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It is intuitive that if two products are comparable, you should buy the one with the lower price. However, if you are only relying on the items looks to determine what is “comparable,” you might be making the wrong choice.
So, it seems everyone is talking about couponing these days. Maybe it’s that I’m getting older, that I love a good bargain or the fact that I work at Money Management International, but I’ve jumped on the coupon bandwagon….and I’M SOLD.
The first step to successful couponing is to overcome those mental barriers. You may have a few of your own:
-Mom always told me it was a waste of time. Mother is always right, right? Wrong. The key is organization and finding just a few extra minutes to dedicate to saving. Just because it didn’t work for someone else doesn’t mean it won’t work for you.
-Coupons are only for the really expensive items. Sometimes, but the trick is to find name brand items when they are on sale. Using a coupon on a sale item equals savings.
-I have ZERO extra time. I’m hardly an expert, so I probably don’t spend nearly the time clipping as a real master. I’ve found that the key is just starting and starting small. You’ll find your comfort zone once you start saving.
-I don’t quite get how price matching works. I discovered that you can save money even when you don’t have a coupon. Start by collecting store flyers each week. I have found that the best savings are for beef, chicken, and pork. Take the flyers with you and simply ask your store to match the lowest advertised price. Just last week I saved over $6.00 on the price per pound match on a sirloin steak.
Check out these results!When you’ve looked yourself in the mirror and made a dedication to saving, here are a few pointers to get started:
1. Research. There are so many online resources out there for coupon trading, coupon selling, coupon printing, coupon clipping and coupon organizing. A couple of my favorites are CouponMom.com and Couponizer.com.
2. Take it one week at a time. Push yourself to do a little more each week. The first week, just focus on one store flyer. The second week, plan a menu around sale items. Change can be tough and overwhelming, so start small.
3. Plan and organize.Set aside some time to clip coupons, make a list and plan your meals each week. Get an expandable file folder or a binder with business card inserts and create categories to file your coupons.
4. Find a store that matches prices and/or doubles or triples coupons.Price matching is where I’ve saved. Add a coupon on top of the price match and that’s a real savings.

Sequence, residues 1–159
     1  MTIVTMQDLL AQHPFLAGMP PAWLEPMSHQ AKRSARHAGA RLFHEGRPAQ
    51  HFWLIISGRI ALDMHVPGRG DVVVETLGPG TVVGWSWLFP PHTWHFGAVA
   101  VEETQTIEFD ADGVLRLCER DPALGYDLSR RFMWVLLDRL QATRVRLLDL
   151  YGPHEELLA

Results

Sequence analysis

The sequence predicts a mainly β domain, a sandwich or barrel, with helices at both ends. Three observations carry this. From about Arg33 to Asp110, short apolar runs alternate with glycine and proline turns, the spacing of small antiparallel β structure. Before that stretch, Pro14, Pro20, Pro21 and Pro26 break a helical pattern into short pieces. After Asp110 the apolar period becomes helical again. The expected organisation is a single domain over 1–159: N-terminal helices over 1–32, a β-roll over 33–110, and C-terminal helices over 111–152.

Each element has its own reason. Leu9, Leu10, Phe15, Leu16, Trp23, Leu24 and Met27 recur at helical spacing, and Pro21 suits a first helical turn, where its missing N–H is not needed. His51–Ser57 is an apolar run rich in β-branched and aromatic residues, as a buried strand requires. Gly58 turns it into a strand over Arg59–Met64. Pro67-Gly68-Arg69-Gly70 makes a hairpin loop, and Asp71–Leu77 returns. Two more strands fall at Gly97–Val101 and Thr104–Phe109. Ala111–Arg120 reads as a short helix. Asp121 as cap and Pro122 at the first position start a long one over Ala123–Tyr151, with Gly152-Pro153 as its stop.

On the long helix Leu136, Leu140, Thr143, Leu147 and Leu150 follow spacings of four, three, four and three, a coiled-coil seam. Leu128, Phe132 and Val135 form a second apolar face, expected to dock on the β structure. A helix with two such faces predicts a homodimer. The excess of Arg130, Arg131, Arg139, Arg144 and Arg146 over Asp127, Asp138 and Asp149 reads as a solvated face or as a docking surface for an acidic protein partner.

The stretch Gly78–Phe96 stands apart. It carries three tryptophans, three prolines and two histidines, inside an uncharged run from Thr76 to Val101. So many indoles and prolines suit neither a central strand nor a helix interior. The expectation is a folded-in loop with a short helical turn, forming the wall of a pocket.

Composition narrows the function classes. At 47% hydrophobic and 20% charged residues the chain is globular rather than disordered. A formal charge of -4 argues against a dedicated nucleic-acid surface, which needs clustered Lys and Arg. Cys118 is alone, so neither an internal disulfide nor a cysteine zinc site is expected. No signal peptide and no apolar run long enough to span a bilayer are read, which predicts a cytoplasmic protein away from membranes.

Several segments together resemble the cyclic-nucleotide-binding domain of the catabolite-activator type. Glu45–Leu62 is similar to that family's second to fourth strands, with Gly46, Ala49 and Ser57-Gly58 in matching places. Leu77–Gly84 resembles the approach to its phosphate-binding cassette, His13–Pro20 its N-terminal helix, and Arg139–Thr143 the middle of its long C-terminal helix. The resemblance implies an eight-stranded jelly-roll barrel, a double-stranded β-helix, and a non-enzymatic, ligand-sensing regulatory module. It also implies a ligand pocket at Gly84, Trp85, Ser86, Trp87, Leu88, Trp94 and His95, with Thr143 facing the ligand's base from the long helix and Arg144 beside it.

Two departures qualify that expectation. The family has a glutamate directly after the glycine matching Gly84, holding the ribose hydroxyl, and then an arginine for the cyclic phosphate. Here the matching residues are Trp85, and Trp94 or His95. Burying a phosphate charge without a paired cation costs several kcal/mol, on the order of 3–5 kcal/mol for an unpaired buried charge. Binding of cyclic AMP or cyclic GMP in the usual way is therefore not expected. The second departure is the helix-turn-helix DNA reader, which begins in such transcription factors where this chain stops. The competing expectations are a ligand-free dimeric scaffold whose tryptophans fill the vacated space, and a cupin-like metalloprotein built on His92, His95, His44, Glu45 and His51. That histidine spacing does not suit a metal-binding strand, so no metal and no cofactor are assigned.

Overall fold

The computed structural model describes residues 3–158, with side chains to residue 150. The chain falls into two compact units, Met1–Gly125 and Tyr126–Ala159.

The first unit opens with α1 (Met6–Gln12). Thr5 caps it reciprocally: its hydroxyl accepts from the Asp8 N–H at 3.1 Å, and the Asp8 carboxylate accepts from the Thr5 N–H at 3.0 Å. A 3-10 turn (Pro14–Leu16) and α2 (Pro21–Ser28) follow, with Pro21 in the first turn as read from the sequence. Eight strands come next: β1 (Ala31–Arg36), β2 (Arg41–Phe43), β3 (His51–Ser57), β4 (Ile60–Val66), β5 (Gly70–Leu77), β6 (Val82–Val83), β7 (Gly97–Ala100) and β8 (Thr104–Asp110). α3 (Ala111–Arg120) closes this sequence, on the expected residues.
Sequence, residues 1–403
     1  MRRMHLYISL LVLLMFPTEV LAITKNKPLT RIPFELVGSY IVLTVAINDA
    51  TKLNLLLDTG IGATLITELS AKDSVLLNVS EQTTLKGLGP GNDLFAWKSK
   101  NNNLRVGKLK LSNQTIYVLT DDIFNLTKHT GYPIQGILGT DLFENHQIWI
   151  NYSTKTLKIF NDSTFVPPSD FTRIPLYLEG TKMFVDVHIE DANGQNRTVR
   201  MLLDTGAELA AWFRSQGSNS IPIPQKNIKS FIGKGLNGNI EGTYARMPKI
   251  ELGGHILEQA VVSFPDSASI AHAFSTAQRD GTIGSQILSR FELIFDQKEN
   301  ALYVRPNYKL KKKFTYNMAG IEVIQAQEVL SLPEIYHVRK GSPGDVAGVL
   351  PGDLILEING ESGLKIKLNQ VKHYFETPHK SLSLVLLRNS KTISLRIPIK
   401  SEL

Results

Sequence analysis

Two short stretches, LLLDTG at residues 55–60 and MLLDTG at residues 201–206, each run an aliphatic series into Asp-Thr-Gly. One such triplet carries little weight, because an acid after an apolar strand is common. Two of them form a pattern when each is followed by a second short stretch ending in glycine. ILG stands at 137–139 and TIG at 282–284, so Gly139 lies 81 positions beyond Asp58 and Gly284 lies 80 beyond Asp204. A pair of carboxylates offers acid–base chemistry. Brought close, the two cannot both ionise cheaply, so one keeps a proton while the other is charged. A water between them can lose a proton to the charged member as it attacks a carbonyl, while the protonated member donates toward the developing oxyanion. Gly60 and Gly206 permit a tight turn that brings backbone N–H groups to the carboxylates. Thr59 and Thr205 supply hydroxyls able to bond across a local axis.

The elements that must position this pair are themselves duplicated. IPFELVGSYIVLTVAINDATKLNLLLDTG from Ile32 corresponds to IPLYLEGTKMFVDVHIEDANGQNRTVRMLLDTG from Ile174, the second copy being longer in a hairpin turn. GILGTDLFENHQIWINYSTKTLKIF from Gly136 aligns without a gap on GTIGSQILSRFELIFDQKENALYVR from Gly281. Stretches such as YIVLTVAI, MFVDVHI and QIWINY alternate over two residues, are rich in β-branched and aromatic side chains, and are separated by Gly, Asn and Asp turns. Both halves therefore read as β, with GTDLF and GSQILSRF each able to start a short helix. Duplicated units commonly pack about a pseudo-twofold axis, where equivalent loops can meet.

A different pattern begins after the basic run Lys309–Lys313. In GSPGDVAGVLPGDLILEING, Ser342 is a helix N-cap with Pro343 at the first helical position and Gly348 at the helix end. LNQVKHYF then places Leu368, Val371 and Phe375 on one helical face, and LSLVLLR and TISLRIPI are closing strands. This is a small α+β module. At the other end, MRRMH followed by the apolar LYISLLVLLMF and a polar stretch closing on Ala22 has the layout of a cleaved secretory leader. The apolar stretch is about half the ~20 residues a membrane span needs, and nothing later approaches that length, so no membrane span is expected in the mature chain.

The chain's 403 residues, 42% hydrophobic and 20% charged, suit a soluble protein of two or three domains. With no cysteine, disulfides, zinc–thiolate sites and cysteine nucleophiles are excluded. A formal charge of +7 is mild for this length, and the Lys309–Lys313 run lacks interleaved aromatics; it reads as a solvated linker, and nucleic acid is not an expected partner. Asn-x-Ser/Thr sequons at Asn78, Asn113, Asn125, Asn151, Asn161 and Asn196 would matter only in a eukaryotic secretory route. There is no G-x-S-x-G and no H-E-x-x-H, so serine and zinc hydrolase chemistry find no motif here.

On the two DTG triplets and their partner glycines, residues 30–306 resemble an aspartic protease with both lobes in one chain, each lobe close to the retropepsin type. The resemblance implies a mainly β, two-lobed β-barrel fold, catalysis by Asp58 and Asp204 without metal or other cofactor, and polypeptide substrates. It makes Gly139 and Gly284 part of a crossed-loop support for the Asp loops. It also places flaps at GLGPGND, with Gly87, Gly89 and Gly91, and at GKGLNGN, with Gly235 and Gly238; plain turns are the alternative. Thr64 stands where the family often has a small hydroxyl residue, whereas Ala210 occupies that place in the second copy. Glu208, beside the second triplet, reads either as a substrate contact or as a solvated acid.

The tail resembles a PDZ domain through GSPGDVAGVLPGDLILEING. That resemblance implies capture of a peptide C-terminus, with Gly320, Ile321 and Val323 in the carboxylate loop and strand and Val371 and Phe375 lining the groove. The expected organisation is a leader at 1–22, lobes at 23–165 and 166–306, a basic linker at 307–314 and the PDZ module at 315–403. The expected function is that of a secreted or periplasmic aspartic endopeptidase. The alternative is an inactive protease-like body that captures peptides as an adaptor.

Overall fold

Stay tuned. Good luck and happy saving!
Do you have any tips or tricks? What kind of savings have you seen? Tell us about it!
Until recently, I had no idea that my organization offered free menu planners and grocery lists. I really, really need these tools because (while I am frugal in other areas) I am probably the worst grocery shopper on the planet.
For example, It is not uncommon for me to run to the grocery store at 6pm because I suddenly want a hamburger. During one of these recent trips, I picked up: ground beef, buns, bananas, soup, multi vitamins, dishwasher soap, pretzels, butter, sugar snap peas, and a tall decaf coffee from Starbucks. The bill was something like $32 (That is with my 5 cent discount for bringing my own bags!) Would you believe that I repeat a version of this madness most days of the week? $32 x 7 times per week x 52 weeks = $11,648 per year on unplanned, chaotic grocery shopping trips.
In addition to the 100 hours or so I spend on these grocery trips per year, I am spending way too much gas and money. According to the U.S. Department of Labor, the average American family of four spends $8,513 per year on groceries (could this possibly include stuff like dishwasher soap and vitamins??)
Here’s what the experts at Kiplinger’s have to say about my grocery shopping style:
“Making bigger shopping trips less often will cut down on your impulse buys. In fact, almost half of all shoppers go to the store three or four times per week. Shoppers making a "quick trip" to the store usually purchase 54% more than they planned, according to a study published by the Marketing Science Institute.
If you go to the store three times a week and spend $10 on impulse buys each trip, that adds up to $120 extra per month. But if you go only once a week, you'll spend $40 per month on impulse buys. That saves you $80 per month, or $960 per year.”
I know that this is one area where I can make some immediate, noticeable improvements to our financial situation. In theory, I committed to making a positive change in this area; however, it hasn’t actually happened yet.
Should I keep trying or give up my grocery shopping rights and ask my husband to take over the task?
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